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From Antitrust Law Daily, September 22, 2016

Insurance broker could have violated antitrust, RICO laws through alleged bid rigging scheme

By E. Darius Sturmer, J.D.

A provider of insurance brokerage and consulting services could have violated federal antitrust and racketeering law by facilitating a scheme among its insurance carrier partners to rig bids, limit competition, and fix prices for excess casualty insurance products, the federal district court in Newark has ruled, in a not-for-publication opinion. The complaining insurance purchasers sufficiently alleged a plausible scheme amounting to a horizontal agreement not to compete that was per se illegal under Sec. 1 of the Sherman Act and also stated claims against the defendants under Sec. 1962(c) of the Racketeer Influenced and Corrupt Organizations (RICO) Act, the court found (In re Insurance Brokerage Antitrust Litigation, September 20, 2016, Cecchi, C.).

According to the insurance purchasers, the defending broker solicited fictitious quotes and rigged bids to carry out an agreement among the carriers to allocate customers and protect one another’s incumbent business in the excess casualty insurance marketplace. With respect to their RICO claims, the plaintiffs charged that the broker and its insurer-partners composed an association-in-fact enterprise that committed mail fraud in furtherance of that enterprise.

Antitrust violation. The complaint provided multiple allegations regarding the horizontal agreement between the insurers, in the court’s view. Moreover, the controlling federal appellate court, addressing the very conduct at issue, had already found the broker’s alleged bid rigging to be "quintessentially collusive behavior subject to per se condemnation under Section 1 of the Sherman Act. The plaintiffs plausibly alleged an antitrust violation under a rule of reason analysis as well, the court added. They adequately identified a relevant product and geographic market and alleged anticompetitive effects.

A contention by the defending broker that the antitrust claim was subject to the heightened pleading standard of Federal Rule of Civil Procedure 9(b) because they sounded in fraud was rejected. It was the cooperation among the broker’s insurance carrier partners that allowed the alleged customer allocation/incumbent protection scheme to be successful, the court noted. Thus, concerted action formed the basis of the claims, which were "classic bid rigging subject to Rule 8(a) pleading standards." However, even if the antitrust claim fell under the purview of Rule 9(b), it was pleaded with sufficient specificity to survive the broker’s motion to dismiss, the court determined.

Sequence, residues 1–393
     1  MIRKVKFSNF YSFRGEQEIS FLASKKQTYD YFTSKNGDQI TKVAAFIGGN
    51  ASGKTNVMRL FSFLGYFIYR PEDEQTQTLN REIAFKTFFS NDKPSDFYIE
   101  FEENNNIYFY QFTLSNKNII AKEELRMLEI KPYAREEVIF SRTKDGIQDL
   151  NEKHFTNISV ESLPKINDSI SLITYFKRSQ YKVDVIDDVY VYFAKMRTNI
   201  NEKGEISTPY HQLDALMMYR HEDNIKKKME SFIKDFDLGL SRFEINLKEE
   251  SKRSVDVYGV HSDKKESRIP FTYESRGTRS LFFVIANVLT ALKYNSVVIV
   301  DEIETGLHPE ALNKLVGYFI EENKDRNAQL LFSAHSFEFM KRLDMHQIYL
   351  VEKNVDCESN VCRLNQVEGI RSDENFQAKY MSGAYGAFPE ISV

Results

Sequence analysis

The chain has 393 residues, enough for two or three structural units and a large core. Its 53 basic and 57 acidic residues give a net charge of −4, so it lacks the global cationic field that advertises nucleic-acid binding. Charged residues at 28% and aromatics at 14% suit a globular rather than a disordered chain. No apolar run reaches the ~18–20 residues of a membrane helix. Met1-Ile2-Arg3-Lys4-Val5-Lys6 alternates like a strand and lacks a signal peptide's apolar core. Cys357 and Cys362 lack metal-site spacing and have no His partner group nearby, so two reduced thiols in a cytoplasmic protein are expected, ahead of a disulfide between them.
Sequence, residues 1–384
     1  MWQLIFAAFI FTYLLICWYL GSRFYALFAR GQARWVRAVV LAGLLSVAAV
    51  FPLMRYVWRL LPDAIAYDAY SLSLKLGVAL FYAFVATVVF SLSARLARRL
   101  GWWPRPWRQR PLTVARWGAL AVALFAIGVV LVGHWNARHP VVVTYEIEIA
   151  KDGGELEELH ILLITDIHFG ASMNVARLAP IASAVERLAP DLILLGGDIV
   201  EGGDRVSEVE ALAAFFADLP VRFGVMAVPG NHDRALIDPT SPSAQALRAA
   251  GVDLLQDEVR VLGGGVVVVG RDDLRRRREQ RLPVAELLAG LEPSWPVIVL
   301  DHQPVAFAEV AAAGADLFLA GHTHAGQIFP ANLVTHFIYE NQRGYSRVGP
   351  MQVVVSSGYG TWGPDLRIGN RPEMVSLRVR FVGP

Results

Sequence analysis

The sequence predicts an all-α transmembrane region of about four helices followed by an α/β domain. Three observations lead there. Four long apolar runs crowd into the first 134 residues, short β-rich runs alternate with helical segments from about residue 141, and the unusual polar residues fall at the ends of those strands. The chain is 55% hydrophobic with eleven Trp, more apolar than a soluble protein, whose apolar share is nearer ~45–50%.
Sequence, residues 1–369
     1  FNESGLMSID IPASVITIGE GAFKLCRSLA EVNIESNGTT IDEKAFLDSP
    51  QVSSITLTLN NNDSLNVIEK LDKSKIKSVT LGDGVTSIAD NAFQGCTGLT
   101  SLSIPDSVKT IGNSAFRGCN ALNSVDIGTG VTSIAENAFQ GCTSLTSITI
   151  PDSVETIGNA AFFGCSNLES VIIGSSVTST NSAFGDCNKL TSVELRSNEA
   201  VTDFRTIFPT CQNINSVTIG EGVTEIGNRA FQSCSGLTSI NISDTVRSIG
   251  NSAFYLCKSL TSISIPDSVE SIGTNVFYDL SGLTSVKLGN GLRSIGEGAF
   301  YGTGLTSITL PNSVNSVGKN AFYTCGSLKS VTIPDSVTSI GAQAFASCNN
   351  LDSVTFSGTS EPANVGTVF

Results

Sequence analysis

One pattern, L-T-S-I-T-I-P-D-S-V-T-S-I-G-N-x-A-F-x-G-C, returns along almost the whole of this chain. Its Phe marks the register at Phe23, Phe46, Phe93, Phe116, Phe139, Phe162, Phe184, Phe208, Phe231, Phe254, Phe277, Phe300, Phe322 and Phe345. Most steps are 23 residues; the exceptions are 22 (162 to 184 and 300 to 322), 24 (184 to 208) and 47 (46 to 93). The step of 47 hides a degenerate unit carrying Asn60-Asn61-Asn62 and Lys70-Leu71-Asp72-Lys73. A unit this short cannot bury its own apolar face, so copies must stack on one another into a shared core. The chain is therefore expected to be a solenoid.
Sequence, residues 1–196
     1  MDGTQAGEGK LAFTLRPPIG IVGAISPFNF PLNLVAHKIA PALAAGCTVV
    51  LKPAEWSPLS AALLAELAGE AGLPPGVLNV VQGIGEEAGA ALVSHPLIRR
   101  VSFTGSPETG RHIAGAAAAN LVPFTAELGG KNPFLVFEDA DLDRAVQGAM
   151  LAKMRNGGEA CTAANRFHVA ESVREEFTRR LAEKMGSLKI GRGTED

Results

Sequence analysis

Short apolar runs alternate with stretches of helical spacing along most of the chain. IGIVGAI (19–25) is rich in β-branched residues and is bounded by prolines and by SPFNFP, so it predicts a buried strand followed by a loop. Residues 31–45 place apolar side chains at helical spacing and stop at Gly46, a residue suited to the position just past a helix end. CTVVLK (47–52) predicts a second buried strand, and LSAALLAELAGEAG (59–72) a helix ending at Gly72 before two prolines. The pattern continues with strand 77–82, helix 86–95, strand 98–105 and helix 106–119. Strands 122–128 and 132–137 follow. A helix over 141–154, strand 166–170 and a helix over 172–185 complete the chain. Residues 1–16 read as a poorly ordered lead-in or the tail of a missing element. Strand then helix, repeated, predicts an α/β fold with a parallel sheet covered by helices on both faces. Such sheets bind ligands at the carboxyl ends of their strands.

RICO allegations. Although the Rule 9(b) standard did govern the RICO claims, the plaintiffs pleaded each of the elements of their Sec. 1962(c) claims with the requisite degree of particularity, the court added. Their second amended complaint "injected precision" into the claims, satisfying RICO’s "enterprise" and "conduct" requirements by describing the specifics of a broker-centered enterprise and the workings of the bid rigging scheme that furthered that enterprise. The pleading alleged the reasons why insurers agreed to provide sham bids, including statements demonstrating cooperation in the conspiracy. In addition, the purchasers’ allegations of the existence of a scheme to defraud, and of the broker’s specific intent to engage in that fraud through acts of mail fraud, met the "pattern of racketeering activity" element of a RICO claim.

Finally, the court rejected an argument that the plaintiffs lacked standing to assert the RICO claim. Their alleged overpayment for insurance as a result of the bid rigging scheme sufficed to plead RICO injury and thereby to confer standing upon them, the court concluded.

The case is No. 04-5184 (CCC).

Attorneys: Bryan S. Dumesnil (Bracewell & Giuliani LLP) and Robert M. Parker (Parker Clayton) for International Risk Insurance Co. Andrew T. Berry (McCarter & English, LLP) and Christopher J. St. Jeanos (Willkie Farr & Gallagher LLP) for Marsh & McLennan Companies, Inc., Marsh Inc. and Marsh USA Inc.

Companies: International Risk Insurance Co.; Marsh & McLennan Companies, Inc.; Marsh Inc.; Marsh USA Inc.

MainStory: TopStory Antitrust RICO NewJerseyNews

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